4-day work weeks can only work for white-collar workers

Whether working from home or setting their own hours, more control over work schedules is one of the top demands for employees in today’s workforce. The much-hyped four-day work week seems like the ideal solution, but even proponents of the new model agree that while improving work-life balance should be a priority in every sector, the shorter work weeks may not necessarily apply to every worker.

Promising new research suggests that the four-day work week actually works. A six-month experiment in the US and Ireland model involving more than 900 employees ended in November last year. The nonprofit that organized the study, 4 Day Week Global, described it as a “resounding success in almost every dimension.” Of the 27 companies that responded, none reported that they would return to the five-day work week, with 18 immediately deciding to switch to the shortened week. The researchers also found that income and worker morale both increased during the experiment, while productivity remained constant.

The growing obsession with the four-day work week and the study’s findings took center stage at this week’s annual World Economic Forum in Davos, Switzerland, where a whole panel discussion dedicated to discussing it on Thursday.

“The results are very encouraging,” Adam Grant, one of the panelists and an organizational psychologist at the Wharton School, said of the study’s results. “They found that across the board, burnout stress and anxiety disappeared. Workflow actually increased, so people were working faster and more efficiently.

But while Grant and his fellow panelists largely agreed that four-day work weeks are a significant step forward for workplace flexibility for some employees, they pointed out that the model isn’t necessary. which is available to everyone, and currently may be limited to white-collar workers.

“This is more of a discussion for the upper class,” Karien van Gennip, minister of social affairs and employment in the Netherlands, said in the speech. He added that the constraints of a short work week could be a disadvantage in the service of workers and employees who rely on hourly wages.

A cure for burnout?

Today’s managers are faced with a growing problem of burnout among their employees. In the US, 43% of desk workers report feeling burned out at work, according to a study by Slack’s Future Forum in October last year. And the number of stressed workers only increases during the pandemic, with a Conference Board survey In May, it was found that 77% of US human resources leaders reported burnout among their staff that month compared to 42% in September 2020.

“We are quickly running into a burnout society,” Van Gennip said. In his native Netherlands, 40% of the need for help in public health care involves mental health issues, he said, adding that most of the patients’ problems revolve around burnout.

Flexibility should now be considered a “business imperative” in many workplaces, Sander van’t Noordende, CEO of the global HR consultancy firm Randstad, said the panel. Alternative models such as the four-day work week are options that companies should consider in order to retain their employees in the modern workplace, he said: “Talent is scarce, and you’re about to start with treat your talent as your customer.”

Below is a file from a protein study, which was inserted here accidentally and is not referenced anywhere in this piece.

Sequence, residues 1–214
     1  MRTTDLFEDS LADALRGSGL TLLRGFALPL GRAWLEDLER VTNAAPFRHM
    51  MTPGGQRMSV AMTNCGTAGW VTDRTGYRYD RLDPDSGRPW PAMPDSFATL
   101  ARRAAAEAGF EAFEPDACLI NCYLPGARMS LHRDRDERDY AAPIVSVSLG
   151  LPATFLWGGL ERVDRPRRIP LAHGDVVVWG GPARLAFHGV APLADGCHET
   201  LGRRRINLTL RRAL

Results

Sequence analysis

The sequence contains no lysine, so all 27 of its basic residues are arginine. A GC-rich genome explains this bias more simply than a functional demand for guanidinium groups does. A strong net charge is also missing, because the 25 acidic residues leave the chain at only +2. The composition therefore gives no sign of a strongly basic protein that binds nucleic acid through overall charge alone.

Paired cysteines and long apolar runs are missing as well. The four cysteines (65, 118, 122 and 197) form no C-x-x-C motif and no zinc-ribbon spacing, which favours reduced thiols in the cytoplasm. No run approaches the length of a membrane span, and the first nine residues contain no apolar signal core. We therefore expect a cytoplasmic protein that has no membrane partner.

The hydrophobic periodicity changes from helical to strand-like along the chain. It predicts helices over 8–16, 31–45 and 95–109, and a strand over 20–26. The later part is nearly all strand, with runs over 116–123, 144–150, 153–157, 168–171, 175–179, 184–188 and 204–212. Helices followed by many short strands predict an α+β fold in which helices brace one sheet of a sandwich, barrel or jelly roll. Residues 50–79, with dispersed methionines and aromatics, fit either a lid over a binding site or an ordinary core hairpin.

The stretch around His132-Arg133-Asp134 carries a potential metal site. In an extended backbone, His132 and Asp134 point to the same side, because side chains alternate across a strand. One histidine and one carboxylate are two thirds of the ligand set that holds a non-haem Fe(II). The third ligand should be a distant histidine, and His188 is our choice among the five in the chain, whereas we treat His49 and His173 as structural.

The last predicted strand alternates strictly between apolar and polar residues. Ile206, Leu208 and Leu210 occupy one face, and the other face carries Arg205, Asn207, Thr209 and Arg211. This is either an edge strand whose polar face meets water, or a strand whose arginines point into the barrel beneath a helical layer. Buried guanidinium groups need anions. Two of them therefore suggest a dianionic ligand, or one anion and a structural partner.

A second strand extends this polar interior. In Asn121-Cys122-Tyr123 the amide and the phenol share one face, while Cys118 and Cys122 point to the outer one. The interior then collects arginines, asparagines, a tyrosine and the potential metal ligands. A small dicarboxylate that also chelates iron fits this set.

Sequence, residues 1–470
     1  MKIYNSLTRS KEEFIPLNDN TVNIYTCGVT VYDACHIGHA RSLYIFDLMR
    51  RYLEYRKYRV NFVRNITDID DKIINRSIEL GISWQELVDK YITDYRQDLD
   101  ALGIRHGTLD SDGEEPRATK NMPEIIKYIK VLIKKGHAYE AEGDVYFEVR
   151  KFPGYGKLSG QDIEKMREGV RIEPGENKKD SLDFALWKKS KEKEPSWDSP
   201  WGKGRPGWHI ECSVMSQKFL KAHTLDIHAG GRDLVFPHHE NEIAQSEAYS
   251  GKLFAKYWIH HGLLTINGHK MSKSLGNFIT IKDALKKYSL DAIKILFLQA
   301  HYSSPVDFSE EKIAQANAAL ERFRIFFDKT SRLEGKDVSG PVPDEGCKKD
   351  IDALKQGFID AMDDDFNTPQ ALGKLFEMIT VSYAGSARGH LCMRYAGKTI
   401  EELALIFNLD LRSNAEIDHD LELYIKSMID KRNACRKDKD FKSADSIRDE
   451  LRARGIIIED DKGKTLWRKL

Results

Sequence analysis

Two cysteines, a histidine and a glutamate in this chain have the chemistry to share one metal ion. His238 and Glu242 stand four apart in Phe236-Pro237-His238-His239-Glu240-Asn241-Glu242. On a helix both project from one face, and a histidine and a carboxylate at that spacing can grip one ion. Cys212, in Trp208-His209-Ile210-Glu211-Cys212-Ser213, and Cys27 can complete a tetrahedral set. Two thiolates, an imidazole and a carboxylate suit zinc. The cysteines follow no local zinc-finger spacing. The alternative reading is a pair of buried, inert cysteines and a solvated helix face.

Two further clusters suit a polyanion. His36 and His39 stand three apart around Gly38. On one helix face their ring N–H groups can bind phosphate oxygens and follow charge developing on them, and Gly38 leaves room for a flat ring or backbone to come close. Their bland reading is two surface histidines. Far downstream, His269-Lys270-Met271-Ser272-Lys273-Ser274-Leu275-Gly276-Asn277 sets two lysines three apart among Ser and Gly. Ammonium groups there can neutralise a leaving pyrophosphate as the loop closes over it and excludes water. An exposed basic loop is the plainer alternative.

Different priorities

But while greater flexibility and options including four-day work weeks have become a priority for white-collar workplaces to retain talent, the same cannot be said for blue-collar workers. workers, many of whom have very different needs.

It is “harder to do a four-day work week in the service sector,” van Gennip said, adding that a mandated shorter work week would limit opportunities to earn more money. for service workers who are generally paid hourly.

In the US, 82.3 million workers are paid hourly, according to the Bureau of Labor Statistics, representing 55% of the salaried workforce. For these employees, the priorities are very different than for white-collar workers, the panelists agreed.

“Scheduling is very important for low-wage, mostly female care workers, grocery stores, things like that,” said Christy Hoffman, general secretary of the UNI Global Union, a the international federation for service and trade unions, said during the discussion.

“We represent grocery store workers, for example,” he said. “They want more time, usually, but more importantly they want to know when they’re going to work next week. They want to plan their child care. They want to know when they can take their children to the doctor.”

While flexibility is important, the panelists argued, companies should start looking at other changes to improve employees’ work-life balance, including a “right to disconnect” for staff during non-working hours. For white-collar workers, Hoffman said, a big source of stress is at-home surveillance and monitoring protocols few companies are hiring for remote workers, while panelists agreed that more paid vacation time, which recently ranked in the U.S. second worst in the world in, be a more cross-sector solution.

The four-day work week has proven to work well in some scenarios, but panelists pointed out that there is no “one size fits all” solution to today’s workplace challenges, and the each company must decide what best suits their needs.

“There are many variations on this theme,” Hoffman said. “There’s a lot of difference. There is a huge range. We need to think about those 22% of the world’s workforce who do not work in a full-time job.

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